ReplyDelete
    Replies
    1. 1st thank you for the quick reply will try today can't wait thanks Randy

      Delete
  23. i was wondering if they can be done in the crock pot ahead of time, (say the day before the crowd arrives,) and then, the day of the BBQ, just put them on to cook say, 1/2 hour wrapped in foil?? They shouldn't dry out if kept in the foil, do you think? They look scrumptious, say how do you remove the membrane (underneath part)?

    ReplyDelete
    Replies
    1. Having done this, I would say they aren't as good the day after, but they are okay. I don't do anything with the membrane. It breaks down quite well on its own in the slow cooker.

      Delete
  24. What about boneless bbq ribs done in the crock pot?? same way??

    ReplyDelete
    Replies
    1. Country style boneless ribs would cook the same way.

      Delete
    2. Just about any pork will do, I used pork chops last time, they were great!

      Delete
  25. What internal temperature should they be? The cooking time says 6-8 hours. How do you know when they are done?

    ReplyDelete
    Replies
    1. Technically ribs are considered done when they reach 145 degrees. That would probably be a pretty tough rib though and I wouldn't eat it. You'd easily reach that temperature within a few hours. So with ribs you don't need to be worried so much about the internal temperature as you do the texture. They will most likely have reached a fall-off-the-bone state after 8 hours.

      Delete
  26. Thanks for the recipe! Looking forward to trying it soon. Gotta go with jokermtb (Oct. 21 post) on two points: 1) BRINE! 2) Find a sauce without high-fructose corn syrup. That's one of the most toxic substances you can put in your body. I won't allow one molecule of it in my house. There are several non-HFCS sauces out there, as well as many recipes to make your own sauce using a healthier sweetener, such as brown sugar, honey or even pure maple syrup.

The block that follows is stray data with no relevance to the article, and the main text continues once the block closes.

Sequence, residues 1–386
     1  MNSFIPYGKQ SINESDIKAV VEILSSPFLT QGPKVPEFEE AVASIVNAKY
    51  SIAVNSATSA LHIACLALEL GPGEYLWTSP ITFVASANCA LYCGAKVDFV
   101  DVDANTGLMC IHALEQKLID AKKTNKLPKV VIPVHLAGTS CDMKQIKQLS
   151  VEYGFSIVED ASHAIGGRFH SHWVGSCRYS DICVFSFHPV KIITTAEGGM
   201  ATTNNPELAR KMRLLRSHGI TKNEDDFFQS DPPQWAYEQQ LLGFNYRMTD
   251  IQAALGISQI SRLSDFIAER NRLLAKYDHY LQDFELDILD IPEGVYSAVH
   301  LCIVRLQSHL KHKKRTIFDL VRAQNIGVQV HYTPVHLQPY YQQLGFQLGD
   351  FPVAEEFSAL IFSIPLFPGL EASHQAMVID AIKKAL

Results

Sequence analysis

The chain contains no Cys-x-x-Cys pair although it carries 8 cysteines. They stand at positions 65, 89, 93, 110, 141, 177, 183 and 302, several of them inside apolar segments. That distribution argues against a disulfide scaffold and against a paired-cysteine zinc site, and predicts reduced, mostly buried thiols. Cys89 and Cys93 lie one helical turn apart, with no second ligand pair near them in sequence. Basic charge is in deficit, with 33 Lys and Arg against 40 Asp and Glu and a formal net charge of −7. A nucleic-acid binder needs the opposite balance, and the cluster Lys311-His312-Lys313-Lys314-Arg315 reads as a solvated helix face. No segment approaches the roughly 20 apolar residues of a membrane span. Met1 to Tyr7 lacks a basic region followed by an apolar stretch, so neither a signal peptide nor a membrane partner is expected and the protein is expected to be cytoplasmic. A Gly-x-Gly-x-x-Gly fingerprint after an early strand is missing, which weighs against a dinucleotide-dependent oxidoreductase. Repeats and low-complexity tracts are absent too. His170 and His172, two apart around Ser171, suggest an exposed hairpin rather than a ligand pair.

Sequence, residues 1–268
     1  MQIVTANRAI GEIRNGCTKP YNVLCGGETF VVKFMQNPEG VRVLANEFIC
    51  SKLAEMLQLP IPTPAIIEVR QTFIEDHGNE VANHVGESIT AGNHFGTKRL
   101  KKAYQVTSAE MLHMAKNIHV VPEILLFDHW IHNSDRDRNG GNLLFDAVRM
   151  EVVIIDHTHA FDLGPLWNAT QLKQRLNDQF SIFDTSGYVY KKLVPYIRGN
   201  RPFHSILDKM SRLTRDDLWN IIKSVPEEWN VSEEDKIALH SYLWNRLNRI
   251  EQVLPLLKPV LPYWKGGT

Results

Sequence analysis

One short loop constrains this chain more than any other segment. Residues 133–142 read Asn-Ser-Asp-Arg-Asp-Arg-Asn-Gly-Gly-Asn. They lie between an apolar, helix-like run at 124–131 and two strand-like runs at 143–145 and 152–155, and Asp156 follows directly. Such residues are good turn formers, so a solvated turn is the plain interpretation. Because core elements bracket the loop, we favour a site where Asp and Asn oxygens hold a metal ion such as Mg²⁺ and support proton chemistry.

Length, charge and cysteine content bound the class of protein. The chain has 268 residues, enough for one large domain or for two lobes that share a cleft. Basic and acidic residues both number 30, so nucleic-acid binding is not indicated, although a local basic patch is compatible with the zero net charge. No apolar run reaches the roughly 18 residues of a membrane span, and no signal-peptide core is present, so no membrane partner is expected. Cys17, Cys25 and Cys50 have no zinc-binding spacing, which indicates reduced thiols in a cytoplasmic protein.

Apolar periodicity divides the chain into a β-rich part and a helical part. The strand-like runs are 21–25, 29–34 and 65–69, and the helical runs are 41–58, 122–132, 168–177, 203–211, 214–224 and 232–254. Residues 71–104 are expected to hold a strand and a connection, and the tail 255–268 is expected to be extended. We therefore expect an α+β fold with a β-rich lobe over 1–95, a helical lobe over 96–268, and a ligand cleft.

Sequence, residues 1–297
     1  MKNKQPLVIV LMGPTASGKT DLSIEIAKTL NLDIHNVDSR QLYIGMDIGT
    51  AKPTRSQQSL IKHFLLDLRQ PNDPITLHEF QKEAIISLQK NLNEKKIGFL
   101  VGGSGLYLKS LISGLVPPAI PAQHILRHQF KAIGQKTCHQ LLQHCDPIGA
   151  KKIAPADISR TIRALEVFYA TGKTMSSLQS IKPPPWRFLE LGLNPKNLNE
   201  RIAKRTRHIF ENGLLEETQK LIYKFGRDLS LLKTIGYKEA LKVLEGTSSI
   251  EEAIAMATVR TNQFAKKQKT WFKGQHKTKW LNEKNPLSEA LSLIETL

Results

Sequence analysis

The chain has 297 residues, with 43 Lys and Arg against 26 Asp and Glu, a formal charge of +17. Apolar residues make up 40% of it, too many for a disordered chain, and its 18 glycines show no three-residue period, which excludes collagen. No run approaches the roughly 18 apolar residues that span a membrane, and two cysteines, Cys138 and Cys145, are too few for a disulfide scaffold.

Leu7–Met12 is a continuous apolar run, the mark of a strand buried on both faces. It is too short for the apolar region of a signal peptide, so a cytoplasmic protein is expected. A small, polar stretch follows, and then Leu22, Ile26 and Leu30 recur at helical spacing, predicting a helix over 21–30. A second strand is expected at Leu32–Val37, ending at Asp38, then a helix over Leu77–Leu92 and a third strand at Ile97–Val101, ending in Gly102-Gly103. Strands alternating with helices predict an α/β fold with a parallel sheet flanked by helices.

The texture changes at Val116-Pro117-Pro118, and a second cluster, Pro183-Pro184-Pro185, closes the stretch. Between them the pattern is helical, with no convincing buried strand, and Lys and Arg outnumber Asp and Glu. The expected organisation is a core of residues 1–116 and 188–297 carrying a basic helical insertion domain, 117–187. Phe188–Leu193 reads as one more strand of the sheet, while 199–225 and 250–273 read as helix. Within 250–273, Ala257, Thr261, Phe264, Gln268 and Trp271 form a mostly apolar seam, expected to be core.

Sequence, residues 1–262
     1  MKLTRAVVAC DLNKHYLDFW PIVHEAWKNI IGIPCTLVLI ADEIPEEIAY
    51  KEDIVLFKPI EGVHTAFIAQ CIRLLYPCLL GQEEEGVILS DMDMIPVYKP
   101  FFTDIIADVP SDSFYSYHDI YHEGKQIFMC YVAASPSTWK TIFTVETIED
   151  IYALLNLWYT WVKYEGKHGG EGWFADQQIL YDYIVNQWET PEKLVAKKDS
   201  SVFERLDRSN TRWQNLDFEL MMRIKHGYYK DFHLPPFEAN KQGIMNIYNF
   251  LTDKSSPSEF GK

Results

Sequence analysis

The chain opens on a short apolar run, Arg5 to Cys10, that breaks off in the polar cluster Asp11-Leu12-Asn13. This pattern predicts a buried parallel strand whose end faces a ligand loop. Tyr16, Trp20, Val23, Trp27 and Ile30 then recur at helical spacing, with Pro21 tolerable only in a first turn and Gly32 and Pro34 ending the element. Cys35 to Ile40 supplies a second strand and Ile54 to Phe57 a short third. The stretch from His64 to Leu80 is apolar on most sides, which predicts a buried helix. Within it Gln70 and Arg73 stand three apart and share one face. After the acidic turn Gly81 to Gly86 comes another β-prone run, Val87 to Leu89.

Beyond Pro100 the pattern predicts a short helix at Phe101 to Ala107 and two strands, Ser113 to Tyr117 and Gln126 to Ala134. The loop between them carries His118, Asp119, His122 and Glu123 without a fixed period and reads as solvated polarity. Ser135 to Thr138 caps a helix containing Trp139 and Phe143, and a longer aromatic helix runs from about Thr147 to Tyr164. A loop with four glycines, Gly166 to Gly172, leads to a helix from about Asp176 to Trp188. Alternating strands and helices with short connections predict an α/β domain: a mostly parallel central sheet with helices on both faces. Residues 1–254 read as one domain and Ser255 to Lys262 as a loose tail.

ReplyDelete
  27. How much BBQ sauce did you pour over the ribs into the slow cooker?

    ReplyDelete
    Replies
    1. Oh, about 2 cups. Just enough to smother them.

      Delete
  28. WOW! The best ribs I've had yet but didn't use the Sweet Baby Ray's you like so much. The ingredients show Ray's containes Corn Syrup, Don't ever eat stuff with corn syrup as a sweetner,
    they are from GMO's used in corn. I used all natural "Weber real molasses BBQ" Contains No Corn Syrup. Thanks for the great meal...:)

    ReplyDelete
    Replies
    1. Yes, use "Weber with no GMO's" for a more healthy meal...

      Delete
  29. How long would you cook 9 pounds of country style spareribs for?

    ReplyDelete
  30. where is the "secret" you speak of? You use someone else's bbq sauce and then cook the ribs for 6-8 hours. How in the world did you discover this ? shhesh.

    ReplyDelete
    Replies
    1. The "secret" is to broil them. Whether you make your own BBQ sauce or use store bought, the secret to slow cooker ribs is to finish them off under a broiler or on the grill. I have three different barbecue sauces in my upcoming cookbook set to launch in September to satisfy your homemade sauce needs.

      Delete
  31. Do you think I can apply a dry rub to the ribs, instead of bbq sauce. Then put in the crock pot and add the bbq sauce at the end just before broiling. If anyone has done it this way, let me know. I think that is how I want to make them in the crock pot.

    ReplyDelete
    Replies
    1. Yes, you can. It is a common misconception that liquid is required in a slow cooker. You'll be just fine with a dry rub.

      Delete